Virtual Vacation: The Hoot in Hootananny


I woke up this morning to another visit from the Scrabble Fairy at my door, though this message, like the others, only makes sense if you’d been here. It would take me a whole blog post to explain why I laughed out loud when I stepped out of my door and saw these tiles:


But then I went down for breakfast and soon after, we were all on the bus for a long day trip to Inverness. During the first few hours we were there, I must have clocked a good eight miles walking – all the way from the bus station to the botanical gardens and back. And all around the city – shopping for cashmere sweaters, finding the best place for Cullen Skink (fish chowder) and eventually meeting our group at Hootananny, a local pub famous for its music.


I was the first of our crew to arrive and I staked out a big oval table where i could sit back and watch the locals while nursing a Guiness Stout. I was the only tourist in the room and I enjoyed the quiet and scribbled in my notebook while I waited. The band – two accordions and a snare drum were setting up in the corner.


Larae and Julie were the first of our company to arrive. They’d obviously been shopping and were laden with bags.


Mary was the next to show up, delighted that she’d found the Highland House of Fraser and found her family crest. She belongs to the House of Buccleuch.


On a trip to the bathroom, she ran into a woman who told her she had a secret. And Mary is so friendly and outgoing, she’s not really someone you can keep secrets from. And so the woman told her there was a secret drawer in the pub, one that even the owner didn’t know about, and she told Mary that you can write notes and put them in the secret drawer and that people did that from all over the world. And so as our other group members arrived and the music started, Mary drafted a note:


And this is what it said:


Now I got pretty curious about this so I went over to meet this mysterious woman and her husband and to see this secret drawer for myself. They invited me over and bought me a beer.


And they introduced themselves. His name is Karl Engel and he works on the oil rigs because he said, “There’s no work in this town.” She is Carla Fischer and she works with old people and so we got into a long conversation about how they treat old people here and how they deal with people with dementia. I was curious, of course because of my mom, and also because I’d seen this sign when I was out walking earlier:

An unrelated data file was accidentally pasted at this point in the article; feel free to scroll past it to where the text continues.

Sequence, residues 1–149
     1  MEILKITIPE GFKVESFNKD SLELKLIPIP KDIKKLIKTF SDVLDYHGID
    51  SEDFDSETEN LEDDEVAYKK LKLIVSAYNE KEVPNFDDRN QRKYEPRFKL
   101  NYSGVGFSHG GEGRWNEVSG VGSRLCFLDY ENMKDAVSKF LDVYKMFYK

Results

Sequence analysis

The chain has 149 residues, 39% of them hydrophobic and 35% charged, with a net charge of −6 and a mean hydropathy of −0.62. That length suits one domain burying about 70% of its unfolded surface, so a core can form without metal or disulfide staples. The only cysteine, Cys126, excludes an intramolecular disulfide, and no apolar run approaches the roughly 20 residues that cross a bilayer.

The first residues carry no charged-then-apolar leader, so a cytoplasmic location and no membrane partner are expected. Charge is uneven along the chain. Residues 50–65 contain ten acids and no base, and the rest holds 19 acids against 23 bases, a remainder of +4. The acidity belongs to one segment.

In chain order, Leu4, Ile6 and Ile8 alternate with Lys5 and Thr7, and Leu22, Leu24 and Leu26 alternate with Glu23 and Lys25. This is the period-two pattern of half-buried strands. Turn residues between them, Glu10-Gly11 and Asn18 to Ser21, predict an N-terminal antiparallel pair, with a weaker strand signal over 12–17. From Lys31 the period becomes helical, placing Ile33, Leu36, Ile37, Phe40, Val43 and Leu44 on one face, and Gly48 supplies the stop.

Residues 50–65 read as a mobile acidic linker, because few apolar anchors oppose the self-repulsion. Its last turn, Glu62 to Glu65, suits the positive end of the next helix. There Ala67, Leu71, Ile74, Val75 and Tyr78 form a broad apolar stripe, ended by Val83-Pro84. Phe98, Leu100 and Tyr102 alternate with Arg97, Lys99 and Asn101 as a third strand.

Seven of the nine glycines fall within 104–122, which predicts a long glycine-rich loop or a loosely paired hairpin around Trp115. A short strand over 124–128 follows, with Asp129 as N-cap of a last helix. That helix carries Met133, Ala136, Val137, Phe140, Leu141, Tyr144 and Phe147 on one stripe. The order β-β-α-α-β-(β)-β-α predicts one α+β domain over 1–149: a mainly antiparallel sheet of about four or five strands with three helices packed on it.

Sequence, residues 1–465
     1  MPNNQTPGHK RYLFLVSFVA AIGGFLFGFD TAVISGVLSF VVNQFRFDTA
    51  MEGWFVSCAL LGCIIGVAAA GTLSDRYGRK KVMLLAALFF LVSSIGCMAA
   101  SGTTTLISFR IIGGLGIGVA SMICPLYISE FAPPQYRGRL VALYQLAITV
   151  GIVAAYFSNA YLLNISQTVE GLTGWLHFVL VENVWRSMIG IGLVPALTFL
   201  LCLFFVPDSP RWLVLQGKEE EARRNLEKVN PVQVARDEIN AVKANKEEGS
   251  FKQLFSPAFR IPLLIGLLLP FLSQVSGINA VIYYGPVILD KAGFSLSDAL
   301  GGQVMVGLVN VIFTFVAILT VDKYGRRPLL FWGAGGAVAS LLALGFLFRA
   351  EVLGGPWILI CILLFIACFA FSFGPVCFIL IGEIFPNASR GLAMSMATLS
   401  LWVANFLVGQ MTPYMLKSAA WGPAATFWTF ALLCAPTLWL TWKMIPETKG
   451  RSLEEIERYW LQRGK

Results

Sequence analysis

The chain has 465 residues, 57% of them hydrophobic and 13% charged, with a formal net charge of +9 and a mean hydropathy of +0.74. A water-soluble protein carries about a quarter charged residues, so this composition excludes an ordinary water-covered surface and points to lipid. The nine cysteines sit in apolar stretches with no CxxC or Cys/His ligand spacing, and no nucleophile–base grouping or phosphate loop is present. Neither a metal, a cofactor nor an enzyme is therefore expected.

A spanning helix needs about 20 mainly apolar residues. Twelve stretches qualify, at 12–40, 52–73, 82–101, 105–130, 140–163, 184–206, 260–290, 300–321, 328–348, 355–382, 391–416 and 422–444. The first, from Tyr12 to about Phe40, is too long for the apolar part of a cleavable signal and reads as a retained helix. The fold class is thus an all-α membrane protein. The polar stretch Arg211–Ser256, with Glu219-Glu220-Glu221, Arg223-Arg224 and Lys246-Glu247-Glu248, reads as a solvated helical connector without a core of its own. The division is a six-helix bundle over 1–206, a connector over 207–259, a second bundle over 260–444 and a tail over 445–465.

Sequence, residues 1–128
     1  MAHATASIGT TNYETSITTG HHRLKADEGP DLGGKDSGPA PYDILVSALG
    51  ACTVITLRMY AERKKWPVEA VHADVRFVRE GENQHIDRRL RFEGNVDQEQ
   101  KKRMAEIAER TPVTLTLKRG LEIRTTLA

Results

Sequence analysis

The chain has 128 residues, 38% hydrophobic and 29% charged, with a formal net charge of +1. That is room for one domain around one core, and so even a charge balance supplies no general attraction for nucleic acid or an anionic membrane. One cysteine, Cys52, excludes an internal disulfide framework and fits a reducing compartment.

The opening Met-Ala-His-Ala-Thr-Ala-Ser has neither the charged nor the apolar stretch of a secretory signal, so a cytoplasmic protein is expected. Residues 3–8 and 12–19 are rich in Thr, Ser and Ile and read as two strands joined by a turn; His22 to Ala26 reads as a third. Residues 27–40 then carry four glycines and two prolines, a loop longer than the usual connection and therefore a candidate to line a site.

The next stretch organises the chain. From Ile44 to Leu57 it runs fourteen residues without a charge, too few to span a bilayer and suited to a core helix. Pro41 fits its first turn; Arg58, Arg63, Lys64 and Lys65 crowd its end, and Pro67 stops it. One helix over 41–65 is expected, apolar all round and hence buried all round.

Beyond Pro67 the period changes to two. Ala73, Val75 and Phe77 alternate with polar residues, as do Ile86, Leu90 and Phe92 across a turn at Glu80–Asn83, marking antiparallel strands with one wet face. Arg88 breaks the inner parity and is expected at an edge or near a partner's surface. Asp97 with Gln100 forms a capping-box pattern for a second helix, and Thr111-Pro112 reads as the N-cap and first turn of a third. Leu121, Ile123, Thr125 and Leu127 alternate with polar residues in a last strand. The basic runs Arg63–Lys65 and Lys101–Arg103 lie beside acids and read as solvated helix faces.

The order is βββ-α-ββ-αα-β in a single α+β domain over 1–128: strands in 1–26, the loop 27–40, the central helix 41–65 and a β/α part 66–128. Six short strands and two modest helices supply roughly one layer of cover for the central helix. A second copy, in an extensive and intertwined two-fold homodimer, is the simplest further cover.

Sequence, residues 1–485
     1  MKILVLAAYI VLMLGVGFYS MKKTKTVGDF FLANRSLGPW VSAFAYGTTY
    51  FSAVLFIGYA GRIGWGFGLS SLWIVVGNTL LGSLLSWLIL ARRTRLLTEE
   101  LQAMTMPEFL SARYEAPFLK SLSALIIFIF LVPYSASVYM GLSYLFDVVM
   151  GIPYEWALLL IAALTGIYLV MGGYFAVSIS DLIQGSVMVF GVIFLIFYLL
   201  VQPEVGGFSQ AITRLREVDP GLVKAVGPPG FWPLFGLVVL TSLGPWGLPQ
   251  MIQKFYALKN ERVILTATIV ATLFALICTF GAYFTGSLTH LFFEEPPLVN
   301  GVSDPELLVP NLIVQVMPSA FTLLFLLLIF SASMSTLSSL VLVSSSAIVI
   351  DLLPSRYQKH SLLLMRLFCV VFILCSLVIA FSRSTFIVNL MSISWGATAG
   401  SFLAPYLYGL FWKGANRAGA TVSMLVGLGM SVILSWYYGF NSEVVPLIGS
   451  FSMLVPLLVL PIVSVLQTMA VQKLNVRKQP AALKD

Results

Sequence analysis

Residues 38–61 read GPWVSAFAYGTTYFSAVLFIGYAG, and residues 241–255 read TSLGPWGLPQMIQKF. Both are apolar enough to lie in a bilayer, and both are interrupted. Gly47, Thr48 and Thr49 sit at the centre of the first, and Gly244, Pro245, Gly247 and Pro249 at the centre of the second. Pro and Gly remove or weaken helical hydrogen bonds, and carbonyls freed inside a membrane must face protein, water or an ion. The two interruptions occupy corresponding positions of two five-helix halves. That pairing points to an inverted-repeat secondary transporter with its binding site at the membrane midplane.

Karl and Carla (yep, that’s right) have three teenage children, twin boys and a girl and so we talked about parenting, too. And in the meantime, Carla and I started reading all the notes in the drawer. They were written on old napkins and on the back of train tickets, and even ripped pieces of cloth. They said things like, “God save the Queen!” And, “We are ‘lucky 13’ on a Haggis Tour of Edinburgh.” And “Visit and Old Flame. Rekindle an Old Fire. Please help me do this, Universe.” On the back of a Canadian lottery ticket were the words, “I’m not a winner. I checked before I left it. Just a Canadian girl enjoying a Highland experience. Cheers, Jenny.” And “Life is a waste of time. Times a waste of life. Get wasted all the time and you’ll have the time of your life,” and the inevitable, “Sarah Smith is a whore, a big one.” The notes were in Gaelic, English, French, and even Arabic.







I didn’t put a message in the drawer myself, but I sure enjoyed chatting with Carla. She told me if I was going to try haggis, to eat Coburn’s Haggis and if I was going to eat black pudding, to eat Stornaway Black Pudding. I don’t think so . . . maybe next trip. Mostly I was glad to have made a fast friend:


In the meantime, the dance floor was hopping:


And one older lady with hearing aids and few older gentlemen kept getting our ladies up to dance.

After we spilled out of there, I walked across the street and confronted this sign:


When Emily and I investigated further, reading those white pages stuck up on the glass, we realized this whole thing was one person’s vendetta. Some guy must have rented the storefront just to make a point. The letters were his long-winded campaign for recognition that the police had screwed up the case of a stolen laptop computer and he seemed to want everyone in town to know it!

It was a long fun day in Inverness, but I’m tired and glad that tomorrow we stay here all day at Newbold House. Writing class in the morning. Open space all afternoon. My plans are for a nap and hopefully a load of laundry. And in the evening after dinner, for the solstice, we’re going to have a fire in the backyard and a Scottish storyteller is coming to regale us with tales . . . and share some of her tips about how stories can best be constructed.

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